Resident Rights, Abuse, and Neglect

The right to refuse

A resident has the right to be informed about the medications he or she is taking and also to refuse to take a medication. The resident has the right to know what medication is being given and why. The facility may have a policy about what information the medication aide may give to the resident. The medication aide does not force residents to take medication. Appropriate measures to encourage taking of medications when directed for recipients who are not competent should be used. The person responsible for direction and monitoring should be able to answer any questions that may arise. When in doubt, ask the supervisor or person providing direction and monitoring.

If the resident refuses to take a medication, report the refusal to the supervisor or person responsible for direction and monitoring. Record the refusal on the medication record, and include the reason the resident did not take the medication in the resident’s file.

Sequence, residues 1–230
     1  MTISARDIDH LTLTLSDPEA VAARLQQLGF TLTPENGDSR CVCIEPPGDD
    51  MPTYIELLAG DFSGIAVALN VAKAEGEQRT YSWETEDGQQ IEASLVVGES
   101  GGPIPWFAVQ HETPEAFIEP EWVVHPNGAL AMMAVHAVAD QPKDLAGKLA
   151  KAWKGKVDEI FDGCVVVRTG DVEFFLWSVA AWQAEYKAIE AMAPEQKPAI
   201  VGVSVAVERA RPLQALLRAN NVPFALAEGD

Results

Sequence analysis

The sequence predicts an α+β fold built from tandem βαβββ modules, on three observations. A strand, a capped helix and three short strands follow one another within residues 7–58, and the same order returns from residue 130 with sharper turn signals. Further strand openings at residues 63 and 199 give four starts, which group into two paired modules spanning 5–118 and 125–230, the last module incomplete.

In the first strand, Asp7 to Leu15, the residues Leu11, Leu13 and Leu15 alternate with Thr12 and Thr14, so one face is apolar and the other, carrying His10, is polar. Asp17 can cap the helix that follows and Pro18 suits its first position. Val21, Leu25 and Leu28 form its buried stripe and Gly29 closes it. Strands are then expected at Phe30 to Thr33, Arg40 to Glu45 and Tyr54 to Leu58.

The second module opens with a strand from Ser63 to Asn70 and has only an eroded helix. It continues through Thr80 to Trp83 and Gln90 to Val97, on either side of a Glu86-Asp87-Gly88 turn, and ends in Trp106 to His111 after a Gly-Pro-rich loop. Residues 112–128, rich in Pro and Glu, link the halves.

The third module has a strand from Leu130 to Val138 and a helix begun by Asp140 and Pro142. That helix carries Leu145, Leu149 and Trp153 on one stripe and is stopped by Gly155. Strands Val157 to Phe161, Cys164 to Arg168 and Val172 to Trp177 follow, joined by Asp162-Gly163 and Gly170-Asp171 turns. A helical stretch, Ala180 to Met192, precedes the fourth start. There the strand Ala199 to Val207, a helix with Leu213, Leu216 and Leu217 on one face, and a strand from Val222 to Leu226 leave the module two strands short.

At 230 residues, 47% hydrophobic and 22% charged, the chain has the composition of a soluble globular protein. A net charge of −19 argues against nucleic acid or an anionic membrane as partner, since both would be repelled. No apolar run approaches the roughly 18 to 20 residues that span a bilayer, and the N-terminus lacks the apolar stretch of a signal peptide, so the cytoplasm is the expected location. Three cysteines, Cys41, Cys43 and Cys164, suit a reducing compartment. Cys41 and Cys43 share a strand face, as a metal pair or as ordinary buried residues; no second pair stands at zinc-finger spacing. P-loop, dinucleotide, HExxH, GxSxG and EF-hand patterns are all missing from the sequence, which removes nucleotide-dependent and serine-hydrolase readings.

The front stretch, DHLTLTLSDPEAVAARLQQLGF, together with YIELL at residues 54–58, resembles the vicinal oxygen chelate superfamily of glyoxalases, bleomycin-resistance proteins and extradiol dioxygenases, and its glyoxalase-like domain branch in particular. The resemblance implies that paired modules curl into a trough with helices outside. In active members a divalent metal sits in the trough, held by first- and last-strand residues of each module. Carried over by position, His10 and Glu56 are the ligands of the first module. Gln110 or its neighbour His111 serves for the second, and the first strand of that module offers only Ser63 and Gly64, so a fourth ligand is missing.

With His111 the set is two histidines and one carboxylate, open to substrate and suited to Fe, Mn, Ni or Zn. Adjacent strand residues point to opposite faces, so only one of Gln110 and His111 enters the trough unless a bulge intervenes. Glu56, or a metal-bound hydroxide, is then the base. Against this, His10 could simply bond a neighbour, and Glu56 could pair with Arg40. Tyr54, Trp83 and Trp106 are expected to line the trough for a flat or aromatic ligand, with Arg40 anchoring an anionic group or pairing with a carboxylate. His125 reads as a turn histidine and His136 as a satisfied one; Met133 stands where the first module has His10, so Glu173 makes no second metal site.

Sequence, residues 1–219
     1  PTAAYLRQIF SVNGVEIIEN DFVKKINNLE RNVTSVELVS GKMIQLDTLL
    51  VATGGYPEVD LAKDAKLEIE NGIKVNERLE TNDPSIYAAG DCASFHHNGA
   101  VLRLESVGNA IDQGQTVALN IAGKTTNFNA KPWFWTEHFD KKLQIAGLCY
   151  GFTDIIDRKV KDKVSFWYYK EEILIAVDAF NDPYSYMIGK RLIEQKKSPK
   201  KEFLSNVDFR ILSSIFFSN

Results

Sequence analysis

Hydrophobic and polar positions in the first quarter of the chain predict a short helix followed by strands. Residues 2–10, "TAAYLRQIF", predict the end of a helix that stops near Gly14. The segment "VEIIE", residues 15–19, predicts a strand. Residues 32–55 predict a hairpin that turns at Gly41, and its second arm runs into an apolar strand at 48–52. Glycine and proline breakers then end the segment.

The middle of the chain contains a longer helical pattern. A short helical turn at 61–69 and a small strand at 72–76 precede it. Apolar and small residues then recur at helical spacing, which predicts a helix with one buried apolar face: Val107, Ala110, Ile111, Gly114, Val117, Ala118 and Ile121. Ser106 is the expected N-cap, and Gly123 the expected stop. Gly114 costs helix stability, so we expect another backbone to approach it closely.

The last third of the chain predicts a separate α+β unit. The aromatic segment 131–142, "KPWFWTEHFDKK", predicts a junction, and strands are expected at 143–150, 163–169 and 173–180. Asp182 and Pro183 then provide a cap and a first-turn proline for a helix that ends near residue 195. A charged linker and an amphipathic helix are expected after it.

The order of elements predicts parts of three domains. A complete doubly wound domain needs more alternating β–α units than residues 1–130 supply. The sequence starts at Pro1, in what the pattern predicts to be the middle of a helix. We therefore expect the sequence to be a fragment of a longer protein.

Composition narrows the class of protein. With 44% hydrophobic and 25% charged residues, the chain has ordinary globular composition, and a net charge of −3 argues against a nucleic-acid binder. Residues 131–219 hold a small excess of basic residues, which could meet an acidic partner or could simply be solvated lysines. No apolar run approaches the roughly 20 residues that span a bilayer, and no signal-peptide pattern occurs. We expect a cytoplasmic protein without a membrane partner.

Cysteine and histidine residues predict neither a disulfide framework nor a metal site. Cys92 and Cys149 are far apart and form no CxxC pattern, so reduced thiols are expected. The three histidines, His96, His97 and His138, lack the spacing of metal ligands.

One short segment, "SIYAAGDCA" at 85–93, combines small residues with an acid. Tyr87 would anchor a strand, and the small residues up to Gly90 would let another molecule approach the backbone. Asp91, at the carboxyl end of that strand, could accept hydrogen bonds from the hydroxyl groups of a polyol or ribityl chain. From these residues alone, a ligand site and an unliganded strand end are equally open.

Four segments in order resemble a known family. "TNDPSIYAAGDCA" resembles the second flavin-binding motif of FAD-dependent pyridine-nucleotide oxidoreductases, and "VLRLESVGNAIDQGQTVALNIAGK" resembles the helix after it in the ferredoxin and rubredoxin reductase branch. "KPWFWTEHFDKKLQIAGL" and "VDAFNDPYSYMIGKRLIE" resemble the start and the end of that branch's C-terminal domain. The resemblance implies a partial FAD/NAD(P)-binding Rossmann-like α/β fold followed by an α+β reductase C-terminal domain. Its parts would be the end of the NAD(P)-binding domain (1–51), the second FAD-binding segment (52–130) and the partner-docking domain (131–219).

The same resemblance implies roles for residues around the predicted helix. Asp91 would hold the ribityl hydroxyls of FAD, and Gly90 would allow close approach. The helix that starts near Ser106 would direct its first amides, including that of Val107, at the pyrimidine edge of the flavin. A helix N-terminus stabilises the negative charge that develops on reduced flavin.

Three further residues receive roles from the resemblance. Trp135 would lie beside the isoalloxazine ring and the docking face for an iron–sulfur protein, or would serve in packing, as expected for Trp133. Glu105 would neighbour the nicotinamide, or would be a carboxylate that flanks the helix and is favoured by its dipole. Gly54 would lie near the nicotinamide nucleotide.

All information about the resident is confidential. This means that all staff must keep personal information about the resident to themselves unless it affects the health and well-being of the resident. This includes information about medications. If a staff person feels the need to share information, it should be shared with the supervisor or person responsible for monitoring.

Do not talk about the resident with other workers, other residents, friends or family. Be sure not to discuss resident issues in a public place where other people could overhear the conversation. Never discuss a resident’s behavior, condition, medications or other information where others could hear the conversation.

Neglect and Abuse

All citizens of the United States are guaranteed certain rights under the Constitution. These same rights apply to residents who live in or use services from the types of facilities in which medication aides work. Federal and state laws are in place to assure resident rights are protected. Resident rights include the right to be free from abuse and neglect.